Development of ACC–amygdala activations in processing unattended fear

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Abstract

The ability to assess facial expressions of others involves specialised brain systems important for emotional and social learning, a skill that emerges over childhood. We investigated the development of neural responses associated with implicit processing of facial emotions using magnetoencephalography in children (7–10 yrs), adolescents (12–15 yrs) and adults. The results demonstrated spatial–temporal activations in the ACC and amygdala emotion-processing systems that changed with age. The processing of emotions first engaged the earlier-developing amygdala responses and then involved the later-maturing ACC system. With increasing age there was a shift in lateralization of amygdala responses sensitive to the fearful faces. The findings contribute to a critical understanding of the development related to functional specialization of fear perception in the frontal–limbic emotion systems. The present study offers critical insights into the developmentally time-sensitive impact on the normal functioning of these brain regions.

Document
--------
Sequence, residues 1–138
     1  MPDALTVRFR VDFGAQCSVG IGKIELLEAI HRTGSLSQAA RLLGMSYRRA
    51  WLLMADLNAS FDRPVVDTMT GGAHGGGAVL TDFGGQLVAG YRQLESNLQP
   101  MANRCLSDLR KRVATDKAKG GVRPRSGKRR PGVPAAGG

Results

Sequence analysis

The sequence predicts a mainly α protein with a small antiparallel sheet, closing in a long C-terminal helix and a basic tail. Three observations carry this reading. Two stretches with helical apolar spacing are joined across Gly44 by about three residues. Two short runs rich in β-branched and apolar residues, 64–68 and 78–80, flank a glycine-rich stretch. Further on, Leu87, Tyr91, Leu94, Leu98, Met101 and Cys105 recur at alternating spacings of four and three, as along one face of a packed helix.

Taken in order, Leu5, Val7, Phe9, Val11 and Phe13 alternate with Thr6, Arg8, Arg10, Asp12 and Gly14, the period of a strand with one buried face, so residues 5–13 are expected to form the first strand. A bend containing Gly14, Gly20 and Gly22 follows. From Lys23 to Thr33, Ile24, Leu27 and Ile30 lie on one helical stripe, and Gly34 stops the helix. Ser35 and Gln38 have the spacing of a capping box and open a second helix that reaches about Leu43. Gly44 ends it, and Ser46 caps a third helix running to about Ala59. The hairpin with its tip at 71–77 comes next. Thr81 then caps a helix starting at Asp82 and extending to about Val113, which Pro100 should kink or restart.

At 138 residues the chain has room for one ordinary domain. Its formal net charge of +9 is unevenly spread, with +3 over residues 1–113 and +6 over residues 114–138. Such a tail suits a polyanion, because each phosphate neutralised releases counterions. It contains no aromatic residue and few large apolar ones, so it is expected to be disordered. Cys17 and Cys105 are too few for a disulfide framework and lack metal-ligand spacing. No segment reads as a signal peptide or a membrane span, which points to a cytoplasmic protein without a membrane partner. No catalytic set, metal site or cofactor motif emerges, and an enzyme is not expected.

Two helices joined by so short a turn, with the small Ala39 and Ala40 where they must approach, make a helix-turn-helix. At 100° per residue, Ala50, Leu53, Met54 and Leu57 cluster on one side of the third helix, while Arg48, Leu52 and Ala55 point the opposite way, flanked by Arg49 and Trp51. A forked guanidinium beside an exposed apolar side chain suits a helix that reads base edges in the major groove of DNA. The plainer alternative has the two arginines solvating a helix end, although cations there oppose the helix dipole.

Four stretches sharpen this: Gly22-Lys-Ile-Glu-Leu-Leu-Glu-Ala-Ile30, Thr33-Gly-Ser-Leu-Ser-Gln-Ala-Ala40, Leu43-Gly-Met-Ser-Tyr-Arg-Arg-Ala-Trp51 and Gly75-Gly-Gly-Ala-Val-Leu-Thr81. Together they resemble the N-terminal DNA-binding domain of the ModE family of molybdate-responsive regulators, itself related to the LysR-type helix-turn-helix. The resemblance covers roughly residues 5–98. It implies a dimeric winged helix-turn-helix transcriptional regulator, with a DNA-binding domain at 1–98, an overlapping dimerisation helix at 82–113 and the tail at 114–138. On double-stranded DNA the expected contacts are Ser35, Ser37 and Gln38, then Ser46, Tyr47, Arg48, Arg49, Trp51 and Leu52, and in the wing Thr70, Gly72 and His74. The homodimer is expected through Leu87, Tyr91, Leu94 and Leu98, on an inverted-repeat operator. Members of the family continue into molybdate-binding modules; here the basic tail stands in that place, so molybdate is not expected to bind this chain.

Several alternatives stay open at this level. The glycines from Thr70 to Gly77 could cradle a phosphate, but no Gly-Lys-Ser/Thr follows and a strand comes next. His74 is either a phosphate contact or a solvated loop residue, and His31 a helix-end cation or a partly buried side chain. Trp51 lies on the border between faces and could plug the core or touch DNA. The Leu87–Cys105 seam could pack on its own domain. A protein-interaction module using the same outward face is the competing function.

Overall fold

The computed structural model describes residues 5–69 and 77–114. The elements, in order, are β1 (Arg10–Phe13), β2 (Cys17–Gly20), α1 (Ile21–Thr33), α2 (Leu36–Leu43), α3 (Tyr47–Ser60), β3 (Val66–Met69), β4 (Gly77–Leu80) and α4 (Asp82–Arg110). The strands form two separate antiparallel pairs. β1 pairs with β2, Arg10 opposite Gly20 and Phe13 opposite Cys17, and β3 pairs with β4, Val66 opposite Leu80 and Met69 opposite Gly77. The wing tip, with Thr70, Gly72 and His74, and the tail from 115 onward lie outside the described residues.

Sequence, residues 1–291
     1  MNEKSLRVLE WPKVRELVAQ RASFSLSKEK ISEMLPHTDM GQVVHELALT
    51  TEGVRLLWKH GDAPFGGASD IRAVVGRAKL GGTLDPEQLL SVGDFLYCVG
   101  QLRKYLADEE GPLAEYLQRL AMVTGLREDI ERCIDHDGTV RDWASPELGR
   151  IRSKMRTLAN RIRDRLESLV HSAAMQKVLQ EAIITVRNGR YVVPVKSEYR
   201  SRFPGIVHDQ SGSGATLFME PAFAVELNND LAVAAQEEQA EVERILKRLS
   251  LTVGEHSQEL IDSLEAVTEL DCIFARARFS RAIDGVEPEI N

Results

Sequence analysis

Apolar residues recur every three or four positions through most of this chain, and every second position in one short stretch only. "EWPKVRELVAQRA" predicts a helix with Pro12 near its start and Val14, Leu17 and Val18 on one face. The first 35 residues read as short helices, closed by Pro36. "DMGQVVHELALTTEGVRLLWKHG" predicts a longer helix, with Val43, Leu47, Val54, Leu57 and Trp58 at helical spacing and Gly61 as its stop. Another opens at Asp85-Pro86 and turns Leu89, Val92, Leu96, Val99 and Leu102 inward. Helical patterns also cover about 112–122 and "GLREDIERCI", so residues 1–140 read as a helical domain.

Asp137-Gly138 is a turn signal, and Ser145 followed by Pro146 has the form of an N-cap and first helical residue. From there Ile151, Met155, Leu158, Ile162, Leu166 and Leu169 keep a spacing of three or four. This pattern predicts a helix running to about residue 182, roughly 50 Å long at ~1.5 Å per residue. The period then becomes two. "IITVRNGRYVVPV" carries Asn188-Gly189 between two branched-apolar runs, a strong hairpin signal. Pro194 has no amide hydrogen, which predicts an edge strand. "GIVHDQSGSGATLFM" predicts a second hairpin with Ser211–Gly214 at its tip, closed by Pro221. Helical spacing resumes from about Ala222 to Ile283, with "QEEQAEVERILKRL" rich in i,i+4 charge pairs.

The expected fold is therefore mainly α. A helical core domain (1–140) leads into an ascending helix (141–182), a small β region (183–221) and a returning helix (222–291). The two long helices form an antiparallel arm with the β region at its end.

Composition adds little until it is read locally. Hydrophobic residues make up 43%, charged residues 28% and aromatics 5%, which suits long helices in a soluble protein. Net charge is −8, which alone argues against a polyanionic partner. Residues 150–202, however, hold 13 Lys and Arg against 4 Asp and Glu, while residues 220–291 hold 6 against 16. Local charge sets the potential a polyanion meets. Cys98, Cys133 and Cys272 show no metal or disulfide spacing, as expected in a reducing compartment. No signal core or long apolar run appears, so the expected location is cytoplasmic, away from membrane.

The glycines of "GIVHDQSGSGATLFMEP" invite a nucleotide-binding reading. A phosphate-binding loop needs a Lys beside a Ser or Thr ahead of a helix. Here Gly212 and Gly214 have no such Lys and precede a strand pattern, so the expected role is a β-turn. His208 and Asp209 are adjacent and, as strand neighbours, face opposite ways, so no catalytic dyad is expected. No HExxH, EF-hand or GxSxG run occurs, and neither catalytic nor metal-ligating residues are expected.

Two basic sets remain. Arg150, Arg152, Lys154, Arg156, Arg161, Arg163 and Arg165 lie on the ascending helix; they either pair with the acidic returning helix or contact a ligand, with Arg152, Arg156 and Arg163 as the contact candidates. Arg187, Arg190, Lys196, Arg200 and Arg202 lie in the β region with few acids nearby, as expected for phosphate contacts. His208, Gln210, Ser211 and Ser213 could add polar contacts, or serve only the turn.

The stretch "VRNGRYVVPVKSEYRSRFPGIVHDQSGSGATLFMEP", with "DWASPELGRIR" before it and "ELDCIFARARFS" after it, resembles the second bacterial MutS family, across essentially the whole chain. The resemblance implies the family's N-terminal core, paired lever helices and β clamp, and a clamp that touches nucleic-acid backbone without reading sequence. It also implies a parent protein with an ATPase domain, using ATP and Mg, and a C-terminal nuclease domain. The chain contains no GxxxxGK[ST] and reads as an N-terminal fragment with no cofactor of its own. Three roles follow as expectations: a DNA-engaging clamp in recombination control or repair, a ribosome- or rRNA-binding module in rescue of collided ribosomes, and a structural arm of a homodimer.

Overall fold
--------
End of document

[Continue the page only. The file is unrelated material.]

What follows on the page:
Highlights

□ Unattended emotions activate ACC–amygdala network through development. □ ACC activation sensitive to unattended fearful emotion develops through age. □ Amygdala laterality changes with age from left to right dominant sensitive to fear.

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